counsel, each stating that such consolidation, merger, sale, assignment, transfer, ease, conveyance or other disposition and such
      supplemental indenture (if any) comply with the indenture and that all conditions precedent in the indenture relating to such transaction
      have been complied with; and
           (4) immediately after giving effect to such transaction, no Event of Default or event which, after notice or lapse of time, or both,
      would become an Event of Default, shall have occurred and be continuing.

      Upon any consolidation by us with or our merger into any other Person or Persons where we are not the survivor or any sale, assignment,
transfer, lease, conveyance or other disposition of all or substantially all of our properties and assets and the properties and assets of our
subsidiaries (taken as a whole) to any Person or Persons in accordance herewith, the successor Person formed by such consolidation or into
which we are merged or to which such sale, assignment, transfer, lease, conveyance or other disposition is made shall succeed to, and be
substituted for, and may exercise every right and power of, us under the indenture with the same effect as if such successor Person had been
named as the Company therein; and thereafter, except in the case of a lease, the predecessor Person shall be released from all obligations and
covenants under the indenture and the debt securities.

     As used above, “Person” means any individual, corporation, partnership, joint venture, association, joint-stock company, trust,
unincorporated organization, limited liability company or government or any agency or political subdivision thereof.

     Although there is a limited body of case law interpreting the phrase “substantially all,” there is no precise established definition of the
phrase under applicable law. Accordingly, in certain circumstances there may be a degree of uncertainty as to whether a particular transaction
would involve “all or substantially all” of the properties or assets of a Person.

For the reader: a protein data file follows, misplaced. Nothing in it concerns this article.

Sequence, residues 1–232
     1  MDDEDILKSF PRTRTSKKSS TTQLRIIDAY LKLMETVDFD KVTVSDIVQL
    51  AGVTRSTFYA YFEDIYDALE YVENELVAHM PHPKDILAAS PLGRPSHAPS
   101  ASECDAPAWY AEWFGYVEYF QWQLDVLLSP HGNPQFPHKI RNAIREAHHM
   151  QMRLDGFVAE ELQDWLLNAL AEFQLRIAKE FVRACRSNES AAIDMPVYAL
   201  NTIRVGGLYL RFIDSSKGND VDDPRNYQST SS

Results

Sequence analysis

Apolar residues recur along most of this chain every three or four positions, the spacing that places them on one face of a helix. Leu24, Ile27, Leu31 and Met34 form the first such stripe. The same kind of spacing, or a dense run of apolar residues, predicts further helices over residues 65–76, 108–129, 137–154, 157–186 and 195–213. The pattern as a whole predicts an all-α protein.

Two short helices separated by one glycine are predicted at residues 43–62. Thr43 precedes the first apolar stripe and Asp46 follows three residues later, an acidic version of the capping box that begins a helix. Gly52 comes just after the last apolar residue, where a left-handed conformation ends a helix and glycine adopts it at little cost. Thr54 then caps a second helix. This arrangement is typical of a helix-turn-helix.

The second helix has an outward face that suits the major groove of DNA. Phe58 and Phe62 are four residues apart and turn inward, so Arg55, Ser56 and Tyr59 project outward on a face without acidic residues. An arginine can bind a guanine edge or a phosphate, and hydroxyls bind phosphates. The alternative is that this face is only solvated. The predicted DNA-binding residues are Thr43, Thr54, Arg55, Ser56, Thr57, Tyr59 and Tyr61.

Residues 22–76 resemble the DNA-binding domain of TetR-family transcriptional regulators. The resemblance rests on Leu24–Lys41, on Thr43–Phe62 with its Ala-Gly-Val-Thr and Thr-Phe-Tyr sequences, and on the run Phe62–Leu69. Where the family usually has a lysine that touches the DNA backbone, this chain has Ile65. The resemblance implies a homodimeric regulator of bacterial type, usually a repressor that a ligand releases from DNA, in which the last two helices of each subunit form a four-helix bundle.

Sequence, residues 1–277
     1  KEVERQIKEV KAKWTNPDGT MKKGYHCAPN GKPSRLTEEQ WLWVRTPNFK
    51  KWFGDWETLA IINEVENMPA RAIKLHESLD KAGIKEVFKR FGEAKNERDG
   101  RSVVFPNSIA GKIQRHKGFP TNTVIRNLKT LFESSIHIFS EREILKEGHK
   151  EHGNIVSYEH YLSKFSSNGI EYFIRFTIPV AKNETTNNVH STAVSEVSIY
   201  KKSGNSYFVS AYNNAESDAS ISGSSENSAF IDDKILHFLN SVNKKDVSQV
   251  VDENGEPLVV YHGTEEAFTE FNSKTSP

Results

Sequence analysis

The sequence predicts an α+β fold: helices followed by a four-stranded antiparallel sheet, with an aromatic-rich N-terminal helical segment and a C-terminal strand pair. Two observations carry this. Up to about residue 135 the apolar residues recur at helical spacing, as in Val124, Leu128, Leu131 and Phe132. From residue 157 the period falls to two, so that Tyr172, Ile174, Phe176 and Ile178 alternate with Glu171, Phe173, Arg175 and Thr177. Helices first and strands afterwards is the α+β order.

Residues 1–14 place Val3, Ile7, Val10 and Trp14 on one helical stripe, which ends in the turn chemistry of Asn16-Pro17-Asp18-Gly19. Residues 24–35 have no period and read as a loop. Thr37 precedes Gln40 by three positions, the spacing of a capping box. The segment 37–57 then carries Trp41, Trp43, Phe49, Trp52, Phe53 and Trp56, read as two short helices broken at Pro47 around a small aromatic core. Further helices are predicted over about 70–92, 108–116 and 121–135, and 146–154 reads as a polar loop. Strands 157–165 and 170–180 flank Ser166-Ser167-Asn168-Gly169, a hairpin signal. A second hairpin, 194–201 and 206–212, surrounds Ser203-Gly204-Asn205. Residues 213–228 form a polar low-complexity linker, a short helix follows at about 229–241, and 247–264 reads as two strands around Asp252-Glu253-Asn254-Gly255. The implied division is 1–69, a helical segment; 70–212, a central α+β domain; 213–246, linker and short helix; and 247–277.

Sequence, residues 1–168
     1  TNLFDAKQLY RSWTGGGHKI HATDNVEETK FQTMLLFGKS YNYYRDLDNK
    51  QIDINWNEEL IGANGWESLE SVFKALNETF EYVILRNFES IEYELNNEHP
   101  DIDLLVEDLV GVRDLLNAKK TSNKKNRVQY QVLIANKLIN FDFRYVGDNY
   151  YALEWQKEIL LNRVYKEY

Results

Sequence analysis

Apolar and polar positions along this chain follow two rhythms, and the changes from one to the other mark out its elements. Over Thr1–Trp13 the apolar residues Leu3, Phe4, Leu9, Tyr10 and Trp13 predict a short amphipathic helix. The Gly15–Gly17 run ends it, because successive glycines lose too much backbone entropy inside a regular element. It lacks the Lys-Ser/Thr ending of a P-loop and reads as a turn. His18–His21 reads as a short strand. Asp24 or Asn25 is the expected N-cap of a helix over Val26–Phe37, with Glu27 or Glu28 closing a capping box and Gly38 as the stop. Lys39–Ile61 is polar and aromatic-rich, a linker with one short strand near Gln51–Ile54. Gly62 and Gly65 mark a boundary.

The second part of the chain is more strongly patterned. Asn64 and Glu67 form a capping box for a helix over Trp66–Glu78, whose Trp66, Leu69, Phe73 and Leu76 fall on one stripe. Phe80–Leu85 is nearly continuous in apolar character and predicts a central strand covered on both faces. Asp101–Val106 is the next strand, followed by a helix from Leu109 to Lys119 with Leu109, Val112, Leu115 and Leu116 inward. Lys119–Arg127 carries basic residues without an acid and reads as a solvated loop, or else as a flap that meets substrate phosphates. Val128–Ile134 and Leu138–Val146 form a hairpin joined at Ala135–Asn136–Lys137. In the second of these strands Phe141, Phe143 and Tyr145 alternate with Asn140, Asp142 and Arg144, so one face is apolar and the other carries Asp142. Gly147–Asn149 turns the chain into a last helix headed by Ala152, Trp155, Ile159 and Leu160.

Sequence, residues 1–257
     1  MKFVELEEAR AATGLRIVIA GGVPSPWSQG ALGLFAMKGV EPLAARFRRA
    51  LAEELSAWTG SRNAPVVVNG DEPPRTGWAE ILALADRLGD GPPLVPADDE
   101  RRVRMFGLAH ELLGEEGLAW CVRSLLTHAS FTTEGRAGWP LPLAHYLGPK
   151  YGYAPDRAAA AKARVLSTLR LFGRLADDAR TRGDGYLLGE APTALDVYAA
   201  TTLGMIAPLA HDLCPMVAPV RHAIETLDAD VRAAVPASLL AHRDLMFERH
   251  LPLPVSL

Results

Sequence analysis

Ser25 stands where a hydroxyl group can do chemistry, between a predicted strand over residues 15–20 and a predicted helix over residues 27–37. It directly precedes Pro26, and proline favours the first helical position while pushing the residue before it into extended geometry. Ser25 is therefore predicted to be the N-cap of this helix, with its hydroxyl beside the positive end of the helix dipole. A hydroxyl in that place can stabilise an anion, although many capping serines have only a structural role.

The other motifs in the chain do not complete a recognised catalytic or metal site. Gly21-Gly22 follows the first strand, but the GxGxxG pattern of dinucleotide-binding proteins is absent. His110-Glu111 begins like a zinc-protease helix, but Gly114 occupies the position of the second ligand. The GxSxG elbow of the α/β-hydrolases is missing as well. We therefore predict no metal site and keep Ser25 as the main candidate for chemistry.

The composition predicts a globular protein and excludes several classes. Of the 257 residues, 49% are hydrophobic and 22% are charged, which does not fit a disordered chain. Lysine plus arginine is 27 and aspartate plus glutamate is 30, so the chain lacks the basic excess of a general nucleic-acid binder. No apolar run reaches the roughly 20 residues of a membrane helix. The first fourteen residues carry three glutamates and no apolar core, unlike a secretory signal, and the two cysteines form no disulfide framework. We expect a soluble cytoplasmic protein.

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Payment of Principal, any Premium, Interest or Additional Amounts .
     The indenture provides that we will duly and punctually pay the principal of, and premium and interest on or any additional amounts
payable with respect to, any debt securities of any series in accordance with their terms.

Maintenance of Office or Agency .
      The indenture provides that we will be required to maintain an office or agency in each place of payment for each series of debt securities
for notice and demand purposes and for the purposes of presenting or surrendering debt securities for payment, registration of transfer or
exchange.

Reports .
      The indenture provides that we will:
            (1) file with the trustee, within 30 days after we have filed the same with the SEC, unless such reports are available on the SEC’s
      EDGAR filing system (or any successor thereto), copies of the annual reports and of the information, documents, and other reports (or
      copies of such portions of any of the foregoing as the SEC may from time to time by rules and regulations prescribe) which we may be
      required to file with the SEC pursuant to Section 13 or Section 15(d) of the Exchange Act; or, if we are not required to file information,
      documents or reports pursuant to either of said Sections, then we shall file with the trustee and the SEC, in accordance with rules and
      regulations prescribed from time to time by the SEC, such of the supplementary and periodic information, documents, and reports which